Colocasia gaoligongensis can also be propagated by cutting off the stolons, these can be cut into sections between the nodes. Once cut they should be allowed to dry off slightly, for about a day before placing them horizontally in seed trays with a good quality multi purpose compost. They should be given a light covering of compost and kept moist but not waterlogged. If you can give them a little bit of bottom heat them they will respond well.  Once the plants sprout, allow them to grow on until late the following spring when they can be divided and potted on. It will grow reasonably quickly so small new plants will get to a good size quite quickly if kept moist and well fed. 

I'm really hoping this bulks up nicely next year and gives us a number of spare plants to put in other places in the garden.


Tuesday, November 20, 2012

Mark and Gaz become Nintendo Heroes!

Mario and Luigi
Last weekend we were starting to feel a bit like Mario and Luigi, the little Italian plumbers of Nintendo fame. Not that we were rescuing princesses, racing around in karts or running through strange worlds killing mushroom-like things. No, none of that at all, even though it would, I must admit, make a pleasant change from our usual routines, but we were playing with pipes and fixings. We were for the weekend plumbers... of sorts.

I'm sure you are now thinking, why am I reading about plumbing on a gardening blog? (well maybe not) but what were we up to?

Sunday, November 18, 2012

Waiting to Shed

Nope, this isn't a post about garden sheds (you know, those wooden garden outbuildings that's meant to hide tools etc....) but plants shedding leaves in the autumn.

Some autumn colour (and llots of leaf litter) in the garden

Thursday, November 15, 2012

Star Light, Star Bright

The first star I see tonight...

Or rather the first plant I tend to see whenever I step into the garden because it is so bright...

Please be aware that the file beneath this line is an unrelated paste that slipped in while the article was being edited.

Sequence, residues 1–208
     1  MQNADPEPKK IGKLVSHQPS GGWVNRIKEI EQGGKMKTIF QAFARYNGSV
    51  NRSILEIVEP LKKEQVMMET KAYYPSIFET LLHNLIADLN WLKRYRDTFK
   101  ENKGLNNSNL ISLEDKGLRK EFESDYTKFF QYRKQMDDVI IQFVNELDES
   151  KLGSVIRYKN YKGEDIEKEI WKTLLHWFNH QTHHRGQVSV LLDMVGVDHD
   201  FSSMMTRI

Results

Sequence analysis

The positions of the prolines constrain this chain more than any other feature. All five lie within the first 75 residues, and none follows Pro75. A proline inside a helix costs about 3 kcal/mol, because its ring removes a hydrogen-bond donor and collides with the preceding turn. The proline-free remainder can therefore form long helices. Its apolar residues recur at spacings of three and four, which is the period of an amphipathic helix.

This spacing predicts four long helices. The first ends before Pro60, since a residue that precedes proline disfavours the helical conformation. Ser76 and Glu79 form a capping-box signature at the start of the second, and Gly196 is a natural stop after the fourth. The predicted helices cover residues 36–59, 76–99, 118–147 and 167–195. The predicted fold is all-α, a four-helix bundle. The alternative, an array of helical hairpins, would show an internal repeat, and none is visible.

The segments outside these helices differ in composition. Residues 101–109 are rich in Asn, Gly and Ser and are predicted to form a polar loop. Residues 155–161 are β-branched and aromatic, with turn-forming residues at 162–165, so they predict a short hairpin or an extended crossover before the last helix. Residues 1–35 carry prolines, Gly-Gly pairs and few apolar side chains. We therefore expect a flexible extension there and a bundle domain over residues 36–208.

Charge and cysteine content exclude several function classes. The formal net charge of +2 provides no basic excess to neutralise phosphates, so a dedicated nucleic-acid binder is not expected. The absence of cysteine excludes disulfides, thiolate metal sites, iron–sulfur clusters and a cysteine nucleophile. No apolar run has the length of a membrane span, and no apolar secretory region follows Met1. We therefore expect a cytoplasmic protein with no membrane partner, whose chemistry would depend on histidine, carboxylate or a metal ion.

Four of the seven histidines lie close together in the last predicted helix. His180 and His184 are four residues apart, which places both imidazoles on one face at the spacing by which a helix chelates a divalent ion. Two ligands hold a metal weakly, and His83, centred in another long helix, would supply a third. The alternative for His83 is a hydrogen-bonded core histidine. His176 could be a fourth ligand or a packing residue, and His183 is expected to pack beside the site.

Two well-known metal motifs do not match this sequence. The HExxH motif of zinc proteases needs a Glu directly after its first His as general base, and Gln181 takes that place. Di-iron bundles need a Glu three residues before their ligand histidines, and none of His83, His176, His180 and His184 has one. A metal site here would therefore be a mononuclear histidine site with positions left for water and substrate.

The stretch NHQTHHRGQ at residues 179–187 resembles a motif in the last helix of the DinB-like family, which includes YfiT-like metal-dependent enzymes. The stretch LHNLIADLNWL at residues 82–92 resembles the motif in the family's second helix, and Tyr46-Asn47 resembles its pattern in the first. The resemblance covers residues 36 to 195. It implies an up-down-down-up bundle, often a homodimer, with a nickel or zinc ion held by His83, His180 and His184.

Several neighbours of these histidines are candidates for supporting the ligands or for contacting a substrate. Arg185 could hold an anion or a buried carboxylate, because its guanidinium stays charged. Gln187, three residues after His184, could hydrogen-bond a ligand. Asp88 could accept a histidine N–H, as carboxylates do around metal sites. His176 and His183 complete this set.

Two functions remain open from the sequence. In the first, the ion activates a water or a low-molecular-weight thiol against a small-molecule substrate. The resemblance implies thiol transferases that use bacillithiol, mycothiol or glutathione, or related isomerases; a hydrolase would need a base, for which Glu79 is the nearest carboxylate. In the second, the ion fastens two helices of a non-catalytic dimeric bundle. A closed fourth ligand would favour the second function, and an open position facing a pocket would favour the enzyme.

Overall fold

I have been meaning to feature this plant for quite some time now, but like anything else that got side stepped for some reason, never seemed able to until I had a quick wander down the garden earlier today and spotted this plant again, like I always do over and over again. So I thought I should actually take the time now and write this long overdue blog post, which is an homage to this beautiful plant.

The original plant I bought from CGF - Yucca gloriosa 'Bright Star'

Sunday, November 11, 2012

On a Sunday Afternoon


It's strange how at this time of the year we only ever really see the garden properly and spend time in it during the weekend. It takes some time to get used to it, and we better do as it will be like this yet for many weeks ahead. But that is winter for you, more than just the cold, it has the inconvenience of extra long nights and much shorter days.
Any plant that flowers again, and at this time of the year too is certainly extra appreciated - Kniphofia thompsonii
So you always hope that the weather behaves during the weekend. If it is rainy, then that's it, most likely you'll just have to do something else that involves less exposure to the elements.

And so that was Saturday (but that was fine, we had to do something else anyway). Sunday was much more well behaved, well actually better than well behaved as it was sunny and relatively warm for the time of the year. Perfect, at least I had the chance to do a bit of tidying up and take some photos of the garden too!

A peek into the window...